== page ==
Egypt’s blue-chip stock index soared in early trading on Thursday after the central bank said it was floating the Egyptian pound in an effort to end a hard-currency shortage that has plagued the economy for several years.
The EGX 30 index jumped 8.3 per cent with many stocks rising their 10 per cent daily limits. The broader EGX 100 gained only 3.6 per cent, however. The central bank said it had floated the pound and hiked interest rates by 300 basis points to rebalance currency markets. Bankers said they had been informed that the central bank would set an initial guidance rate of 13 pounds to the dollar at a sale at 1pm local time, compared to the previous official rate of 8.88 pounds.
The central bank also said in a statement that it would abolish the priority list for imports and phase out monetary financing of the budget deficit over coming months.
“This is very encouraging news. The stock market would love this news because the bottleneck has finally been relieved,” said a Dubai-based analyst.
An equities trader in Cairo said before markets opened: “There is a wave of buy orders we are receiving at the moment. I think this will outdo the rally in March.”
In mid-March, the central bank devalued the pound to 8.85 per dollar from 7.73 and simultaneously pumped nearly US$200 million into the dollar-starved banking system. The stock market rallied 6.7 per cent in very heavy trade that day.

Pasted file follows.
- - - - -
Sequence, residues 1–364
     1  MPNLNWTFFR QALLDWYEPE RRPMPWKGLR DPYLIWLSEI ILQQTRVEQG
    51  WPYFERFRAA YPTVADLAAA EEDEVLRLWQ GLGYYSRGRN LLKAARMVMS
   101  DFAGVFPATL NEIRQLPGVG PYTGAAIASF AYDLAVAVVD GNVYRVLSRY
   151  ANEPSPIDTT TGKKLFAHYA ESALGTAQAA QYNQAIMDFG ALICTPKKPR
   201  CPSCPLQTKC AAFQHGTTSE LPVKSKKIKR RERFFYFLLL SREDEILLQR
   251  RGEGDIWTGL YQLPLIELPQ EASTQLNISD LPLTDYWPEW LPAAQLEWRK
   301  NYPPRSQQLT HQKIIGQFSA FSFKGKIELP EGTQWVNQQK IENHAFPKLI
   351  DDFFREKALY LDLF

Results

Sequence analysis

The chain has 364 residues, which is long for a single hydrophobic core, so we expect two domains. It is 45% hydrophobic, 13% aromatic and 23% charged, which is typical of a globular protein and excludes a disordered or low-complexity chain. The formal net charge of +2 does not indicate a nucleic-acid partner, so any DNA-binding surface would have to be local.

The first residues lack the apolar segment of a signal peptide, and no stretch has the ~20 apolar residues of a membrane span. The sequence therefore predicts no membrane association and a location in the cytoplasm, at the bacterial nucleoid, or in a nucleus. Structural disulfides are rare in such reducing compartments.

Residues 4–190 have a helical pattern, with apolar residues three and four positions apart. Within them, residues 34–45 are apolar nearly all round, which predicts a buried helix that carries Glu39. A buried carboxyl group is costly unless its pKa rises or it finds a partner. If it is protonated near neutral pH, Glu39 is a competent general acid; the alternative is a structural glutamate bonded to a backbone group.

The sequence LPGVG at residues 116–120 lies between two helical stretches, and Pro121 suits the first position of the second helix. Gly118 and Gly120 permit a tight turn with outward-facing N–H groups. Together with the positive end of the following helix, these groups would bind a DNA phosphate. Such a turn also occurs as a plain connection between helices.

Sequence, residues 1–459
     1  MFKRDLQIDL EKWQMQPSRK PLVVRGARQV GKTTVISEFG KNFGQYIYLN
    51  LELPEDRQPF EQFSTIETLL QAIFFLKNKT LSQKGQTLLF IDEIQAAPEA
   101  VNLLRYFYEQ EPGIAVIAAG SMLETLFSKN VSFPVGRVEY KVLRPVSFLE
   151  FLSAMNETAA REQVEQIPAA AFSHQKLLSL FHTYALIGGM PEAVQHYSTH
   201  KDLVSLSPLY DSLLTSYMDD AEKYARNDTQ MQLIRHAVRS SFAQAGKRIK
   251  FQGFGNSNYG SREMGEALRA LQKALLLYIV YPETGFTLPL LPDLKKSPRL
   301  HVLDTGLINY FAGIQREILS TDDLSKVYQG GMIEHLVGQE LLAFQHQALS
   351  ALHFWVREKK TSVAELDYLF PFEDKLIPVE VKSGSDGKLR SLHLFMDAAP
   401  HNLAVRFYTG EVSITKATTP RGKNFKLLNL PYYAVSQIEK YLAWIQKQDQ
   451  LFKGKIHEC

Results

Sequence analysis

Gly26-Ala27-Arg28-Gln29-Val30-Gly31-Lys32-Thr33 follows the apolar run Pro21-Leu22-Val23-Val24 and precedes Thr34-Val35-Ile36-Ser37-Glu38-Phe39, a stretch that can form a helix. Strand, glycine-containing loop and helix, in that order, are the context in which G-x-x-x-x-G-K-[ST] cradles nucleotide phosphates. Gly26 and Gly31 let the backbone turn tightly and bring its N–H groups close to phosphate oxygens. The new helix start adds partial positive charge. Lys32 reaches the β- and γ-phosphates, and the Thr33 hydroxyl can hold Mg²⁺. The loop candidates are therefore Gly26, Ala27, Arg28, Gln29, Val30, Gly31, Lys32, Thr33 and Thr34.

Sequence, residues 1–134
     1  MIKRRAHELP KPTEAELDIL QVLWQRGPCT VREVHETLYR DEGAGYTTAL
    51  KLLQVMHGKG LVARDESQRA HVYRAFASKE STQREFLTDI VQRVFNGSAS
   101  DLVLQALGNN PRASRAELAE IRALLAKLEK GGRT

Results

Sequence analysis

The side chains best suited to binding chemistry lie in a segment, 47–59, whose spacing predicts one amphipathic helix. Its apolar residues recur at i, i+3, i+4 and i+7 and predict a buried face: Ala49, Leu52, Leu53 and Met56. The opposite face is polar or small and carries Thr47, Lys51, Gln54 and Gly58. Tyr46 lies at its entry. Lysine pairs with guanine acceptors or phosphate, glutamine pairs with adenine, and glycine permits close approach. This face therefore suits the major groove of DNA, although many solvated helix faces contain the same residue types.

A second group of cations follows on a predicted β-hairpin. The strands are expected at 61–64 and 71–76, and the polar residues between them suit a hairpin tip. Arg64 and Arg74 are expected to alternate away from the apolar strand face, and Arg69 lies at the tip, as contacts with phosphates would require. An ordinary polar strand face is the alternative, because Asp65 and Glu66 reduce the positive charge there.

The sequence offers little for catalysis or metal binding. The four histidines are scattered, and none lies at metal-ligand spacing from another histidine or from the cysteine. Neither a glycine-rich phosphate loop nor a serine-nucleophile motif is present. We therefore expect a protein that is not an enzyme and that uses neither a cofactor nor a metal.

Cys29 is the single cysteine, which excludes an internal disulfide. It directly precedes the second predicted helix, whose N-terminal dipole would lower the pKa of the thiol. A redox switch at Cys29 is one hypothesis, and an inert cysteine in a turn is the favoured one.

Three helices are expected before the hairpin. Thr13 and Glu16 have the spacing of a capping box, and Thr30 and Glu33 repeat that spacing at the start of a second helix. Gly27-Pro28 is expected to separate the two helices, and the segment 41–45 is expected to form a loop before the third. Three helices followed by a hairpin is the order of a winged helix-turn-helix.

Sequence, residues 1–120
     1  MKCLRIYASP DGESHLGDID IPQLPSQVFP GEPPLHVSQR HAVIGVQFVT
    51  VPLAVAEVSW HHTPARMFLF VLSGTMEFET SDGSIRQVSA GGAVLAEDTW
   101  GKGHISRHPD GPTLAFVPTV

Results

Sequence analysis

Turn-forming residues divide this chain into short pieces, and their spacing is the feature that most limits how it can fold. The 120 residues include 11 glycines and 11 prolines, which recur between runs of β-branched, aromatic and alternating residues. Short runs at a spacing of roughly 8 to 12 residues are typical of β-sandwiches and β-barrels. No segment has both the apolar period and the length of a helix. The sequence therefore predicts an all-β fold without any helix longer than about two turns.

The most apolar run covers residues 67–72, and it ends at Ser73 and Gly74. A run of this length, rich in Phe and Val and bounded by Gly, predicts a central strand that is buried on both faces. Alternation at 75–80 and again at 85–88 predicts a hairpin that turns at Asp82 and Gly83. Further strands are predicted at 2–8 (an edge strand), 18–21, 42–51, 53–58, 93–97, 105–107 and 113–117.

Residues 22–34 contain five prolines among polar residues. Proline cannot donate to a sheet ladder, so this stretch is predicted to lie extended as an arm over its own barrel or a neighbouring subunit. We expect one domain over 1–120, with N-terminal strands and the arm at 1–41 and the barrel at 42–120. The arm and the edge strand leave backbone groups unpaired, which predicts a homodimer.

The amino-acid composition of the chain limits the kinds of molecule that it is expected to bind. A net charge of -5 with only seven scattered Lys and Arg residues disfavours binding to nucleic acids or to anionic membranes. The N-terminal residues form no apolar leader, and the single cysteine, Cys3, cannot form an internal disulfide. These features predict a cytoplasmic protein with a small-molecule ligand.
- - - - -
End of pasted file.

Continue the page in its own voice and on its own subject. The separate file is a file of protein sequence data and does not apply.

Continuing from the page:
Economists believe a more flexible exchange rate mechanism could help unlock billions of dollars in foreign investment.
The Dubai analyst, however, said that some foreign investors were likely to remain cautious about putting money into Egypt for now until they saw how well Egyptian authorities managed the float, and because of uncertainties overhanging emerging markets such as the US presidential election.
Egypt is seeking a $12 billion loan from the IMF, which has said publicly that the government should act on the exchange rate and subsidies. Egypt’s pound has repeatedly weakened to a record in the black market in the past month, as pressure increased on the government to devalue. The currency depreciated to 17.98 per dollar in Bloomberg’s most recent survey of currency dealers, taking its decline this year to 52 per cent in unofficial trading.
The exchange rate will now be set by “supply and demand”, said the governor Tarek Amer. In a statement on its website, the central bank said the measures would help end a black market.
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